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Daughters of Gingrich and Huntsman stump for their dads

 

COLUMBIA, S.C. – The daughters of two presidential candidates – Newt Gingrich and Jon Huntsman – made appeals on behalf of their fathers to a Republican women’s club here tonight, one damning her father’s opponents with faint praise, the others making an electability argument for their dad.

Addressing about 30 members of the Capital City Republican Women’s Club, Jackie Gingrich Cushman, Gingrich’s daughter with his first wife, first said Rick Santorum, who finished a close second in the Iowa caucus, is a “great guy” and seemed to praise his Congressional record.

“If you remember with the debates,” she said, “he’d mention that he did welfare reform… under Newt Gingrich. And then he did something else… under Newt Gingrich,” she said.

She also seemed to commiserate with the Santorum campaign, saying that the newly high-flying candidate would be bombarded with negative ads just like Gingrich was in Iowa. But, she added, her father was able to weather those attacks, and would be able to handle the general election onslaught.

“People say, ‘can Newt Gingrich survive a billion dollars from the Obama campaign?’ The answer is absolutely yes. He can survive it and he’s been through it in Iowa.”

Santorum was not the only object/target of Cushman’s praise/criticism, as she also took on Rick Perry and Mitt Romney.

“[Perry’s] a great guy, he’s done very well in Texas, he’s a very good governor of Texas. But Texas is different from a national scene,” she said. “A part-time Texas legislature is very different than having full-time people in Washington that are determined to stay there and do what they do best. It is a different world.”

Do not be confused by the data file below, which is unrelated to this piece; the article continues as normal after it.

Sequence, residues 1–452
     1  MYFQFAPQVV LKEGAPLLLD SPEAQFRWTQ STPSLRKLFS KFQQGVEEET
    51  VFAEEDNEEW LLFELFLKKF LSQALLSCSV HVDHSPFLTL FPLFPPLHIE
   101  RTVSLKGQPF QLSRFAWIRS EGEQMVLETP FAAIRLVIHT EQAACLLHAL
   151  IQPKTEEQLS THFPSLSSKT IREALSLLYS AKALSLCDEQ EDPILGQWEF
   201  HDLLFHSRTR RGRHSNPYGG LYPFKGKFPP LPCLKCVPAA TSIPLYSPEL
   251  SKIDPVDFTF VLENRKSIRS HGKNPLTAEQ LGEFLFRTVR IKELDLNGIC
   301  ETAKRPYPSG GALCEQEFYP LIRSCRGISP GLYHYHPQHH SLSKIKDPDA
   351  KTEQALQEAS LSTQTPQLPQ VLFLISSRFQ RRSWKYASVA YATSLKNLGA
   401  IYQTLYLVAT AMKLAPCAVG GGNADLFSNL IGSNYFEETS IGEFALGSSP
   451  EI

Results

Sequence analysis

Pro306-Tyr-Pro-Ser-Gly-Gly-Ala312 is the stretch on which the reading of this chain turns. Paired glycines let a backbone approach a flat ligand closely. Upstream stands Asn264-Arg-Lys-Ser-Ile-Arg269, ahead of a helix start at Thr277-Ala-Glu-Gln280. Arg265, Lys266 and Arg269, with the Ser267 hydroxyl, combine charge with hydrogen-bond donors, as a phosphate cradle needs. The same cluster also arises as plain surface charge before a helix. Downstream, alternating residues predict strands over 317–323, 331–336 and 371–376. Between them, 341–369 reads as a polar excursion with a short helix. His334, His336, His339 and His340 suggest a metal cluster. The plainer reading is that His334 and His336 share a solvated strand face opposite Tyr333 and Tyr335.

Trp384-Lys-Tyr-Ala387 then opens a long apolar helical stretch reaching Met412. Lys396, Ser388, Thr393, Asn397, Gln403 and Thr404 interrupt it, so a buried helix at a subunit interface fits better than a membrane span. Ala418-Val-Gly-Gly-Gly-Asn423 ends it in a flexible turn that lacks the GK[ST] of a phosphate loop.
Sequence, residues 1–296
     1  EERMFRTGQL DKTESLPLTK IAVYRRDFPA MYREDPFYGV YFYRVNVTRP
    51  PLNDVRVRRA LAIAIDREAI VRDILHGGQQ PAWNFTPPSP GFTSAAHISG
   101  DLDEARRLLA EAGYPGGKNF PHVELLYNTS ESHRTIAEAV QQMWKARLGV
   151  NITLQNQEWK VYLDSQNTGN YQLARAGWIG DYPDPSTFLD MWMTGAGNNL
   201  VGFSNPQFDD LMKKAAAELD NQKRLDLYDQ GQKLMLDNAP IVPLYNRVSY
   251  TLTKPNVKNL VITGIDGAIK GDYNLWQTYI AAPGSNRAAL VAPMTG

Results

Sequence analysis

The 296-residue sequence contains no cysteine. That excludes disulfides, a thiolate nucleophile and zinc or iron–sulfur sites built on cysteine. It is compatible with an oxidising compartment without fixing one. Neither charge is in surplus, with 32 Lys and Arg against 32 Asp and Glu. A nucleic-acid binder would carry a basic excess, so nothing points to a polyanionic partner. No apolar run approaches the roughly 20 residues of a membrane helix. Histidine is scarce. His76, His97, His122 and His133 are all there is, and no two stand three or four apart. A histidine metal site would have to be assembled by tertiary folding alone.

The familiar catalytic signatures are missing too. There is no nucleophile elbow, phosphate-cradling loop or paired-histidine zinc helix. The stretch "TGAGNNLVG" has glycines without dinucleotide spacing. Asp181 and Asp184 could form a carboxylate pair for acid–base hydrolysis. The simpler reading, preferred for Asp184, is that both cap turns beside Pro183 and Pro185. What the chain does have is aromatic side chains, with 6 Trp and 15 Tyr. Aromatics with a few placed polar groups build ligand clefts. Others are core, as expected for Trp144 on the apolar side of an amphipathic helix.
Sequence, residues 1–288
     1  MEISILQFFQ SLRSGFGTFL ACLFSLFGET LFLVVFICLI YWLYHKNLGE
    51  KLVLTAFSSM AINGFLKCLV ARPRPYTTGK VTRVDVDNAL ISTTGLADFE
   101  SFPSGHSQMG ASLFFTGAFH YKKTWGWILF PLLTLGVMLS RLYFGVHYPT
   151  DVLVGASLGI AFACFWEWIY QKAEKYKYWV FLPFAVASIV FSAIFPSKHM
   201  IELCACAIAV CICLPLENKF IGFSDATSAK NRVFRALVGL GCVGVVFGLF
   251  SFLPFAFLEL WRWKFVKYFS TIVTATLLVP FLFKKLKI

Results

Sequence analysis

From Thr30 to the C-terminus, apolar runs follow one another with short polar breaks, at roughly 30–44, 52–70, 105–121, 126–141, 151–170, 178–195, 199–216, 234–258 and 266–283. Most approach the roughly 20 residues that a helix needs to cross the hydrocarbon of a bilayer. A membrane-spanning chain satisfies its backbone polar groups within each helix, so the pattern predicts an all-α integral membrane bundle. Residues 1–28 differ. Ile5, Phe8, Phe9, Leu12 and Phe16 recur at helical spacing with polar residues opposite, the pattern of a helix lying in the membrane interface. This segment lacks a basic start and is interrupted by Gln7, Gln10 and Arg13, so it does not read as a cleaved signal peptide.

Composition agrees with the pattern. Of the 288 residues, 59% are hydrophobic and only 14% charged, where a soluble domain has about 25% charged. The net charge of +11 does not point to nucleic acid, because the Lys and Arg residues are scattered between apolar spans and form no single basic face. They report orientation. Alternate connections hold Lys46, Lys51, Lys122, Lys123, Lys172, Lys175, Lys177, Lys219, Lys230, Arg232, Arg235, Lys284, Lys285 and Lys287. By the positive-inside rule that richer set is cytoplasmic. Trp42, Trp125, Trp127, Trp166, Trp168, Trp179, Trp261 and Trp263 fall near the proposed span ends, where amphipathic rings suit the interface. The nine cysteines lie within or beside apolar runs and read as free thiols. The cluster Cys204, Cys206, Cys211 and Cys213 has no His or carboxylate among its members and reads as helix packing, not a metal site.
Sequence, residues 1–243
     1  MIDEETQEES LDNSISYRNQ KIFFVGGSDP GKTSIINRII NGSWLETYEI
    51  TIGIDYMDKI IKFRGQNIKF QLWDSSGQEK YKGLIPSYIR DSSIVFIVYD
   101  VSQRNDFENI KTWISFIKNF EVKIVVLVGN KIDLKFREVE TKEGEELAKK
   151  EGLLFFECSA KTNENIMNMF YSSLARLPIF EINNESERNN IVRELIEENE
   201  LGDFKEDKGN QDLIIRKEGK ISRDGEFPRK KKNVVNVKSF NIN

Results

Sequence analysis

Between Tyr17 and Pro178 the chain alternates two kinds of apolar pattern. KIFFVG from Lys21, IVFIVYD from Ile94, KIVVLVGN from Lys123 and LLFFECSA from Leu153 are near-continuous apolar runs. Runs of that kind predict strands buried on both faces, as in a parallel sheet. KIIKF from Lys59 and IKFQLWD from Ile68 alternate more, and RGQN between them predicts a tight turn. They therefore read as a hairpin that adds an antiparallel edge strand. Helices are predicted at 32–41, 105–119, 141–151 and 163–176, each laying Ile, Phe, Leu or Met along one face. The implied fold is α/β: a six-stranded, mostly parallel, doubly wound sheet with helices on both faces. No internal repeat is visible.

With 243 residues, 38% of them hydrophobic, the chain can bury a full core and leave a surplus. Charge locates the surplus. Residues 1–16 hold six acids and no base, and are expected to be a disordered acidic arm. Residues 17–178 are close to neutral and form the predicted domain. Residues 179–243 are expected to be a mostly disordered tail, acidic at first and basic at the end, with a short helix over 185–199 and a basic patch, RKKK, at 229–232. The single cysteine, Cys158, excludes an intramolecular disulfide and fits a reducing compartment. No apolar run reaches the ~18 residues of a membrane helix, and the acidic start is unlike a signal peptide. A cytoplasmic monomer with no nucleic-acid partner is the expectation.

As her father has in the past, Cushman called Romney a “great businessman.”

“Anyone can tell you he’s a great businessman. He is. I’m just not sure we need to send the best businessman to Washington to manage something.”

Cushman ended her speech with a personal story about her father, talking about how, as a boy, he rescued his dog Pride from under the cracked ice of a frozen pond in Pennsylvania. In the process, Cushman said, he fell under the ice himself.

“He’s literally under the ice. And he said that’s when he learned in his life not to panic. Because he knew if he panicked, he would die,” she said.

Cushman said the story accomplished two goals: “I think it shows you that he doesn’t panic. And I think you see that as he progresses in this campaign. The other reason is because I think it shows you a window into who he is as a person.”

“That he is a man who would risk his life to save his dog,” she continued.

Jon Huntsman’s daughters Mary Anne and Liddy – two thirds of the “Jon 2012 Girls,” addressed the 20 women who remained in the room after Cushman left.

As she re-introduced herself and her sister (the two spoke to the club over the summer), Mary Anne Huntsman referenced their popularity on YouTube, saying, “we’ve made a couple of videos, maybe you’ve seen them,” as the women chuckled.

Liddy Huntsman called her father the “modern candidate” who would restore a sense of trust that she said has been lost during the Obama administration.

“I think our generation, we were promised hope and change four years ago,” she said. “The fact that we’re being handed down a country that is less good, less confident, is unacceptable.”

Mary Anne touted what she characterized as her father’s ability to go toe-to-toe with President Obama, for whom Huntsman worked as ambassador to China.

“Another huge thing in electing a candidate is the electability factor. We need someone who can really go against Barack Obama,” she said.